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4 Ohio childhood friends who beat cancer graduate from high school

Four childhood friends fought cancer in northeastern Ohio and have now reached another milestone in life.

AKRON, Ohio — Four childhood friends who beat cancer reached another milestone together earlier this month.

Kemery Kerschner, Madison Lehman, Morgan Loudon and Katelynn "Boo" Magyar all graduated from different high schools across the state recently. It's a definite milestone, but these lifelong friends have passed many in the last few years.

"I felt like I had been through so much and that I'd experienced and learned so much by the time I was 18, high school almost felt so small,"  Loudon, who graduated from West Branch High School in Beloit.

Loudon was diagnosed at 8 years old with Rhabdomyosarcoma near her left kidney. Rhabdomyosarcoma is the most common type of soft tissue sarcoma in children. She’s going to Ohio State University and plans to become a pediatric sports medicine doctor. 

Kerschner graduated from Ashland High School and is going to Davenport University. Her dream is to become a child life specialist in honor of the one who cared for her at Akron Children’s Hospital. 

She battled Wilms tumor or nephroblastoma. The most common type of kidney cancer in children.

"I'm a two-time cancer survivor and I'm going to this super great college for cheer and stunt and it's something that not a lot of kids that go through what we went through get to do,” Kerschner said.

The four met when they were kids, each fighting cancer at Akron Children's Hospital, all learning life lessons far too young. 

Tyjanna Lehman, Madison's mom, said watching her daughter graduate is bittersweet because she knows there are other parents who won’t get to see this moment.  

"No kid should ever have to deal with another child passing away, and unfortunately they all know several," Tyjanna said. 

“It's almost like I was like carrying the people that couldn't be there with us with me so they could go through it too," Madison said, who graduated from Crestview High School.

Madison was diagnosed at the age of 4 with Burkitt lymphoma, a form of non-Hodgkin's lymphoma that is fast growing and fatal if left untreated.

She’s going to Ashland University to study life sciences and perhaps one day become a science teacher. 

The four admit fighting, surviving, and thriving wasn’t an easy journey.  Often, they dealt with depression and anxiety. 

"It's hard being a kid and having those flashbacks and especially dealing with survivor's guilt," Kerschner said.

"I’m just blown away by how wise they are and their ability to talk about where they are and push themselves through this," she said.

The four forged friendships like no other.

"I was always jealous of the kids that actually got to go to school when we couldn't, so it was always nice to meet the kids in the hospital and at camps and to know we weren't going through things alone," Magyar said.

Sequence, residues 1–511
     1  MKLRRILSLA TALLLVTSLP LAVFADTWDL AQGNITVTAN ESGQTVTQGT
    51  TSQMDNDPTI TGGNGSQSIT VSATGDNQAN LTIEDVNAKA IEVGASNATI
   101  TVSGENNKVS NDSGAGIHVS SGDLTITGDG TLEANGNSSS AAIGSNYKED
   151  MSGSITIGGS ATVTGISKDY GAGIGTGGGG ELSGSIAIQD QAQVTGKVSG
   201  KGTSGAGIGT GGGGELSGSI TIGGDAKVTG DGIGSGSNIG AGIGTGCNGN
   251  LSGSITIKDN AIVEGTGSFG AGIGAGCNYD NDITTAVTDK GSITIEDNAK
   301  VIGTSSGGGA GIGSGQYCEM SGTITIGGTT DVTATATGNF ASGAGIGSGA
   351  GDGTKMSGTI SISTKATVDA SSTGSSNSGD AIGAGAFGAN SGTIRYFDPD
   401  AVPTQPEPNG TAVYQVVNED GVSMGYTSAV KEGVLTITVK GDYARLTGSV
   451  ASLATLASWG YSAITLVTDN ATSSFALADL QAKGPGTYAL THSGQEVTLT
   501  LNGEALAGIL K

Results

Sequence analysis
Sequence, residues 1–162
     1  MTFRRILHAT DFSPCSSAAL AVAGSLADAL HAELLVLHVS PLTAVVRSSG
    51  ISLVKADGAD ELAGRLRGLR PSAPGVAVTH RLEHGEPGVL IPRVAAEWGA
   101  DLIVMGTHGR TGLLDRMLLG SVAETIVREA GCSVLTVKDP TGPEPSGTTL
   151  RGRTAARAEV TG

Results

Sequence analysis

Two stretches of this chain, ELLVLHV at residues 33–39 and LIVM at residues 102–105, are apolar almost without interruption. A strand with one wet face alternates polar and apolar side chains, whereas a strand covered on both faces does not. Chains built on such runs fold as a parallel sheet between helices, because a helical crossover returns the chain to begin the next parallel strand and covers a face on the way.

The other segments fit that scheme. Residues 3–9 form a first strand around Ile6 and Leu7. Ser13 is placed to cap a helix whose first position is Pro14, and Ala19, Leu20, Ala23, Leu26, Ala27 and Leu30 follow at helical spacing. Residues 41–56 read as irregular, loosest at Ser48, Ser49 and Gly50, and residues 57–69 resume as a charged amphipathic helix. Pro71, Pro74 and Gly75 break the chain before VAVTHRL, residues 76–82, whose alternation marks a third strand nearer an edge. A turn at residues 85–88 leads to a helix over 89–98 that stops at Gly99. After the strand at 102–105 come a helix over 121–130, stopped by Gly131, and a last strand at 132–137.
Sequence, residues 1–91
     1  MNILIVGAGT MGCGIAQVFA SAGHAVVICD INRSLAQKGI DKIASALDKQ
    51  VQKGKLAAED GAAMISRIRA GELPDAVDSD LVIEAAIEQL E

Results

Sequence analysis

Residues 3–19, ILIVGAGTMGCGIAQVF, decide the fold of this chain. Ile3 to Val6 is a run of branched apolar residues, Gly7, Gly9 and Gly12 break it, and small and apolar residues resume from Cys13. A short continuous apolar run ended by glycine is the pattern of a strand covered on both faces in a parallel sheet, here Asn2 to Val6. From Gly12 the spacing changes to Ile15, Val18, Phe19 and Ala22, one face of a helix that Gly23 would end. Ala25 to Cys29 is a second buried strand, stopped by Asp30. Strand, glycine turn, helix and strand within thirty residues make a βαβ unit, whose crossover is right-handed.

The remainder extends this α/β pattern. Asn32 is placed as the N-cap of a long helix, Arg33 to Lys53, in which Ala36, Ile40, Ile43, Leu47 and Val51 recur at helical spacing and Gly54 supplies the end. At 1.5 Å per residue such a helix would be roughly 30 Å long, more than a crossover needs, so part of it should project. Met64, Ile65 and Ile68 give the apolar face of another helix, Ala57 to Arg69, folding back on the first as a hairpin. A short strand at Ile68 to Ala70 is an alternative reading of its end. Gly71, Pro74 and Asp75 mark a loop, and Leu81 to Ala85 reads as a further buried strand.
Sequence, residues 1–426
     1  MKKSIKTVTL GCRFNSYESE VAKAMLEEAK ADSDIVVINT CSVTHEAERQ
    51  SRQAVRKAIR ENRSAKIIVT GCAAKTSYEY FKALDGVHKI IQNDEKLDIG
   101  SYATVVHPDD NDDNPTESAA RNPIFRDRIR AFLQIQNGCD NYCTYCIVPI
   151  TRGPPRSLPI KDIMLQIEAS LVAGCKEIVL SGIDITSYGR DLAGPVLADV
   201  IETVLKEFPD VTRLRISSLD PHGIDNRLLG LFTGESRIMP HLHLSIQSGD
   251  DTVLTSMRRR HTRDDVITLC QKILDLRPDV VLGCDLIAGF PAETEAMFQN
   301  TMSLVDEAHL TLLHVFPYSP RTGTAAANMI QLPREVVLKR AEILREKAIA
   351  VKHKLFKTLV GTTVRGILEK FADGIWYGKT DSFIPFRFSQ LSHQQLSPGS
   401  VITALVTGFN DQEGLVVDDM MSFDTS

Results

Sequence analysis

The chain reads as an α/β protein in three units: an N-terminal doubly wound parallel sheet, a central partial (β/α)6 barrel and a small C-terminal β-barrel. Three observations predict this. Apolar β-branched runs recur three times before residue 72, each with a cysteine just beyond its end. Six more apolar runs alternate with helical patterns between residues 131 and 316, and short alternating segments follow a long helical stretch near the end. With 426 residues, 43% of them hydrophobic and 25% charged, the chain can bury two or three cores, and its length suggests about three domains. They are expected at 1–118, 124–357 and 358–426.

She was diagnosed at age 4 with lymphoblastic leukemia, cancer of the bone marrow and blood.  She’ll attend the College of Wooster and intends to become a pediatric oncologist.

Their bond has only become stronger as the years passed and while they may not be able to see each other as often as they like, they keep in touch virtually and with calls and texts. 

Each is also a medical pioneer having participated in clinical trials dealing with their diagnosis. Research is ongoing into all facets of patient care.

"We're learning more about the impact of stress, the social determinants of health and how that impacts the long-term outcomes of not only surviving your disease but how you thrive afterward," said Dr. Jeffrey Hord, Akron Children’s Hospital Director of Hematology-Oncology.

The four feel like old souls, much wiser than their age and seemingly more prepared for the future.

Their parents say their kids have been teaching them how to get through life.

“Attitude, she always had a positive attitude,” said Katelynn's dad, John Magyar.

Kerschner’s dad, Toby, couldn’t agree more.

"The truth is, we got our strength from her. I mean when you're that young and still keeping that positive attitude, it's infectious," he said.

The graduates said the wisdom, came from the hospital, not high school. What do they hope to teach others?

“You should be compassionate in all situations,” Loudon said.

"You need to be understanding, you don't know people's stories, if they're rude to you, maybe they had a bad day," Lehman said.

"Don't take any day for granted because you never know when you won't have the next day so you need to live life to the fullest," Magyar said.

"You’ll have your true friends obviously for the rest of your life and they’ll love you for whoever you are, whatever you've been through," Kerschner added.

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